Jesus in the Temple, by Solomon Raj (India),
Most of us live hidden and unheralded lives. I think of my friend Betsy, a stay-at-home mom who left a career as an attorney in order to cook, clean, do laundry, and chauffeur five kids to the dentist, school, birthday parties and sporting events. Her husband enjoys a prestigious career. My friend Steve will remain house-bound and bedridden the rest of his life due to a debilitating disease. Claudette raised a family but now lives alone in a tiny apartment as an elderly widow. Other believers have intentionally chosen hiddenness. The Trappist monk Thomas Merton (1915–1968) spent twenty-seven years cloistered in Gethsemane Monastery in Kentucky, but nevertheless spoke to the entire world with his prophetic writings. When I visited Liberia last summer I was reminded how entire countries remain invisible to the world because they are so insignificant to the geo-political calculus of the day; you won't see a story about Liberia on CNN.
For Christians, the delicious paradox is that the missing 90% of Jesus's life, no matter how completely lost to history, was not lost or hidden to God, not by a long shot. Nor are our lives today. Liberia, Congo, and Darfur are not hidden to God, even though the world ignores them. After raising six kids and then experiencing a divorce, my mother lived by herself for thirty-three years, but none of those years were lost to God. He sees and knows; He loves and cares. He does not ask us to lament or transcend our invisibility to the world. He might even disrupt our lives by asking us to try it. However hidden and obscure our lives might feel, either literally or figuratively, whether voluntary or involuntary, in that very hiddenness He is redemptively present, just as He was with a twelve year old Jewish boy in an obscure Palestinian village.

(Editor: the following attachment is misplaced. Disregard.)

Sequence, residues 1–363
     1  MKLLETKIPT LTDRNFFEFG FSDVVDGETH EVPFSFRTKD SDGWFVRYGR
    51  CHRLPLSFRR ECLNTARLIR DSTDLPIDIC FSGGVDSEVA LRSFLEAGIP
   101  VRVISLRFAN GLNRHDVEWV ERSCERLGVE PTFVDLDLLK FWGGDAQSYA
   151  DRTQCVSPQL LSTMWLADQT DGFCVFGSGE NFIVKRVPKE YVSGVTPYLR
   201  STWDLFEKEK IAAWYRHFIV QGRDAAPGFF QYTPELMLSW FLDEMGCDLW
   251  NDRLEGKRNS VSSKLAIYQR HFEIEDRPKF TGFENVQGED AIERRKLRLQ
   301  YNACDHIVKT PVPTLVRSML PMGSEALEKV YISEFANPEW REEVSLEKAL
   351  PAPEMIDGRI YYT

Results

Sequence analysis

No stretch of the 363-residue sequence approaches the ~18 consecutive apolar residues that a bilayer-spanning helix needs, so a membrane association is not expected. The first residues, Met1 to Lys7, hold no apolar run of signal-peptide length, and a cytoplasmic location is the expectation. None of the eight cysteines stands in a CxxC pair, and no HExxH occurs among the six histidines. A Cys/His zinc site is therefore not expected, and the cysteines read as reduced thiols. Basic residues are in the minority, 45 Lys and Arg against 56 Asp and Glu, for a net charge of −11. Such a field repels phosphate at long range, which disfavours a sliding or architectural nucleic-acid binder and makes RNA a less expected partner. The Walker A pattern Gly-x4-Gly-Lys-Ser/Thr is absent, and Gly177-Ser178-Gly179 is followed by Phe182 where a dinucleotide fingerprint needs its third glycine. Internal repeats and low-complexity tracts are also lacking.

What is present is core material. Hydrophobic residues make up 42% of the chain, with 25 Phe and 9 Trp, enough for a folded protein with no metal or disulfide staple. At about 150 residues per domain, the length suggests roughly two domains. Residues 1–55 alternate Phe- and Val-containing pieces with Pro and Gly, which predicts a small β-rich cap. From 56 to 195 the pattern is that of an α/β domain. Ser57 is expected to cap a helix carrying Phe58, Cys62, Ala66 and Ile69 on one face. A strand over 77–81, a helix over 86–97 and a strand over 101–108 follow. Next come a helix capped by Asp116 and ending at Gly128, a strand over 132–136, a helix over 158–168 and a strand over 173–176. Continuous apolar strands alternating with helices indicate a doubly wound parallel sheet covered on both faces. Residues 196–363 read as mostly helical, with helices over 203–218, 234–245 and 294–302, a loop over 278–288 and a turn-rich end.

For further reflection
* What do you think Jesus was like as a boy?
* Does our near total ignorance of his early years matter? Why?
* What do you take from Luke's story?
* Have you ever experienced hidden years?
* See Anne Rice's fictional recreation Christ the Lord (2005), "narrated" by a seven-year-old Jesus.